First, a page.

In his farewell report for Foreign Correspondent, correspondent Stephen McDonell looks at the spectacular changes that have swept China during his 10 years there – and the untold sequels to some of the big stories he’s covered.
After 10 years reporting from China for ABC, McDonell is joining the BBC in Beijing.
When Stephen McDonell trekked into the remote town of Yingxiu after a catastrophic earthquake in 2008, the focus of the destruction was the flattened school. Its pupils were among 80,000 people killed in Sichuan Province.
A few weeks ago McDonell returned to Yingxiu. The school was just as he had found it – a poignant rubbled memorial – but it was now at the epicentre of an earthquake tourism venture complete with viewing platforms, tour guides and pony rides.
Hundreds more schoolchildren died when another school collapsed in nearby Juyuan. Local man Zhao Xiaofeng, whose daughter was killed, still remembers McDonell publicly challenging an official about whether the school was poorly built.
Seven years later Mr Zhao says the townspeople are still waiting for an explanation.
Again there is no official comment. Official secrecy and heavy-handedness are traits that have changed little in McDonell’s decade in China. But increasingly its citizens insist on being heard.
In 2010 villagers in Fujian province blamed a spate of cancer deaths on an industrial incinerator that was belching out plumes of thick black smoke. They exploded in rage when officials tried to stop them talking to the ABC.
Five years on, McDonell returns to find out what’s happened to the village – and feisty Mr Lin. It’s a tragic tale that says a lot about the way modern China works.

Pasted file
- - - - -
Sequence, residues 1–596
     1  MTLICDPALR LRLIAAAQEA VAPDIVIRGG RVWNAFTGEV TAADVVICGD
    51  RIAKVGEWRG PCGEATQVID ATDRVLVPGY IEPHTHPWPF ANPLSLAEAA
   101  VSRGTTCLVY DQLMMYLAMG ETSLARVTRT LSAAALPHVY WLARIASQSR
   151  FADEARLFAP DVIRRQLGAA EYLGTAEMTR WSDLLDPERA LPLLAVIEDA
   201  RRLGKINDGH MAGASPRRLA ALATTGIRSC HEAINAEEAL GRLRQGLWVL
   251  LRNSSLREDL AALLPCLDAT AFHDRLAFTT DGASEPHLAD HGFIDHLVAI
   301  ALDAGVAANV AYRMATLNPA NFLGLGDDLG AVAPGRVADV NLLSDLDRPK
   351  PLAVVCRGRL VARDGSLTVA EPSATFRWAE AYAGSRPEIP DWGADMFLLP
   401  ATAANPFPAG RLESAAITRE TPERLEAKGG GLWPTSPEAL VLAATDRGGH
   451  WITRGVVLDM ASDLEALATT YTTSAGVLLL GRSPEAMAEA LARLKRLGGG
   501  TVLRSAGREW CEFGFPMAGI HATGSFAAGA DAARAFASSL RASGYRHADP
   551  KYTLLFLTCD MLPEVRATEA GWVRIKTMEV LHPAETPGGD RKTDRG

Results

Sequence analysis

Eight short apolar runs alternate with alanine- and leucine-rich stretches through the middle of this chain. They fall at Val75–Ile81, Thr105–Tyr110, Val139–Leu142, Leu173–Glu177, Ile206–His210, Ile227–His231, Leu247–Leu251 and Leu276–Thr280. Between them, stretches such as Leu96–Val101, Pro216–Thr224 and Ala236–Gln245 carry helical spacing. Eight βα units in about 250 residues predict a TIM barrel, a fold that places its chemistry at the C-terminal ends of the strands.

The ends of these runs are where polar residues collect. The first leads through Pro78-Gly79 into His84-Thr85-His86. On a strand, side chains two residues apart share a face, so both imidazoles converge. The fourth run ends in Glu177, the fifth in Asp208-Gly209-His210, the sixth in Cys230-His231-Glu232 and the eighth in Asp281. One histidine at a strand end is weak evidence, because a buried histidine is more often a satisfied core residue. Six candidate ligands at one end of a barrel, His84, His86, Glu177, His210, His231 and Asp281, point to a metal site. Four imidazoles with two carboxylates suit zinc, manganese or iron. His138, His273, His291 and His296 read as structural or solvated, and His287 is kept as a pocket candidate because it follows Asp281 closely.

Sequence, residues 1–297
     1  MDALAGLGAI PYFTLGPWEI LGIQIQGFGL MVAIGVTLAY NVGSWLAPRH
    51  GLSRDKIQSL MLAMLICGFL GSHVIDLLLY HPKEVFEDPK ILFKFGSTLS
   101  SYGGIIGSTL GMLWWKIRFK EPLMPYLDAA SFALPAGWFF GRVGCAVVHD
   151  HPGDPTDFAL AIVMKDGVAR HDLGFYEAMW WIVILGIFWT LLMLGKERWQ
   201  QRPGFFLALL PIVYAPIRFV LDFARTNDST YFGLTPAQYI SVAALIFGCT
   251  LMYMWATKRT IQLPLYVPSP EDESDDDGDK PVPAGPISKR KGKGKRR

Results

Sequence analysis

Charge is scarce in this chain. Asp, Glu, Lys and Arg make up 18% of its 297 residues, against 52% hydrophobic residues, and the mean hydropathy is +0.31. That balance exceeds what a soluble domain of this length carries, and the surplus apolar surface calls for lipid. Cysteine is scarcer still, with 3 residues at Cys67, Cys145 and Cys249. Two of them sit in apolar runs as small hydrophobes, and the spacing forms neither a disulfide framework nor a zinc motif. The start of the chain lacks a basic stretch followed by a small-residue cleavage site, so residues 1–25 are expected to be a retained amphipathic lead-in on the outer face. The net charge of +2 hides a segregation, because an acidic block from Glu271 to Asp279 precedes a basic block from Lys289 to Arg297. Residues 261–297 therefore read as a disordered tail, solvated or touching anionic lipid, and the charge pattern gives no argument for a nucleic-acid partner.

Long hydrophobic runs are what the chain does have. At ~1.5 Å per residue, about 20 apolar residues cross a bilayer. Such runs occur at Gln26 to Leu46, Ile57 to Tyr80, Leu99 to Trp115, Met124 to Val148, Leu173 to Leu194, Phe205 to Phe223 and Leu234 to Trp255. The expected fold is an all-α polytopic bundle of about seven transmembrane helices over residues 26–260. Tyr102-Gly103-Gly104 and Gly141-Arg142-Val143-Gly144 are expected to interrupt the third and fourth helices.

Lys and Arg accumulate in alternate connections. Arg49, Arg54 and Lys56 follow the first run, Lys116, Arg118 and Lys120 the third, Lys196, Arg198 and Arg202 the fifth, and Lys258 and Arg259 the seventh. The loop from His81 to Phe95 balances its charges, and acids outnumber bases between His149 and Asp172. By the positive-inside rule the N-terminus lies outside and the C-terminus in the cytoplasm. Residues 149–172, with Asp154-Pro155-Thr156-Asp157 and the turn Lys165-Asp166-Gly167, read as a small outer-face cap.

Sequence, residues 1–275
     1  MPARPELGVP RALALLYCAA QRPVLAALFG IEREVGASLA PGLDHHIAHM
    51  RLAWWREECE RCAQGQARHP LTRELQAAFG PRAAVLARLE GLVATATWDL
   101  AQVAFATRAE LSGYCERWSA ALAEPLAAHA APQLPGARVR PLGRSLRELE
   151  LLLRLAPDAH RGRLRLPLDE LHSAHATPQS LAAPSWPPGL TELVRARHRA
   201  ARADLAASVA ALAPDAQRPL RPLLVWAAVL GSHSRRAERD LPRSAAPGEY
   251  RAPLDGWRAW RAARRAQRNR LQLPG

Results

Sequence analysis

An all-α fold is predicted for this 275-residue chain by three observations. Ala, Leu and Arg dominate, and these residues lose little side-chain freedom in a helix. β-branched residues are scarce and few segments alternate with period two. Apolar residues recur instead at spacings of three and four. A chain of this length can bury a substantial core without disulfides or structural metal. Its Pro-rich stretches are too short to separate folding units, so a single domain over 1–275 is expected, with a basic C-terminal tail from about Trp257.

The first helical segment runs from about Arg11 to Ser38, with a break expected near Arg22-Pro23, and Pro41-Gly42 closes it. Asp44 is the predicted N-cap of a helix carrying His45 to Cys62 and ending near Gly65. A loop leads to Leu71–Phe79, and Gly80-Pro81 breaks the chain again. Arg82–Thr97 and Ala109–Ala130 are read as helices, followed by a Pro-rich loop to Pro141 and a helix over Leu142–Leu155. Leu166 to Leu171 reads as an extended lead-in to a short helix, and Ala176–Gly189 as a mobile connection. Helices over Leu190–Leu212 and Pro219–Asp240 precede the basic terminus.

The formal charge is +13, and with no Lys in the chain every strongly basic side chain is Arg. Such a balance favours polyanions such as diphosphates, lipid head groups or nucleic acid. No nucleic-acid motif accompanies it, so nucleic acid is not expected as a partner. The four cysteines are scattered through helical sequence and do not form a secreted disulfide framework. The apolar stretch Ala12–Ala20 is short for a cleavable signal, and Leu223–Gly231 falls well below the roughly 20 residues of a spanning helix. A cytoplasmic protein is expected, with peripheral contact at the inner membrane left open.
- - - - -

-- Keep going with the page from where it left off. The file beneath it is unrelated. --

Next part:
But for the vast majority of Chinese, life has improved in the past 10 years as the economy has powered ahead, towing countries like Australia in its wake. Optimism abounds amid uncertainty about the future.
Five years ago a top economist told McDonell that China’s economic trajectory was unsustainable because it was too reliant on foreign demand.
“One way or another China will rebalance. It’s not an option” – Professor Michael Pettis
That rebalancing is under way. While no one knows how much China will slow down, the economy is slowly transitioning from sweatshops and cheap exports to services and domestic consumer power.
Symbolic of the all the change is Beijing which has been transformed into a thriving modern capital with hip architecture, high speed trains, a subway network and chronic traffic gridlock.
Stephen McDonell prefers to use his bicycle. As he says, after 10 years: “For me China has been a wild ride.”
8:30pm Monday December 14 on ABC.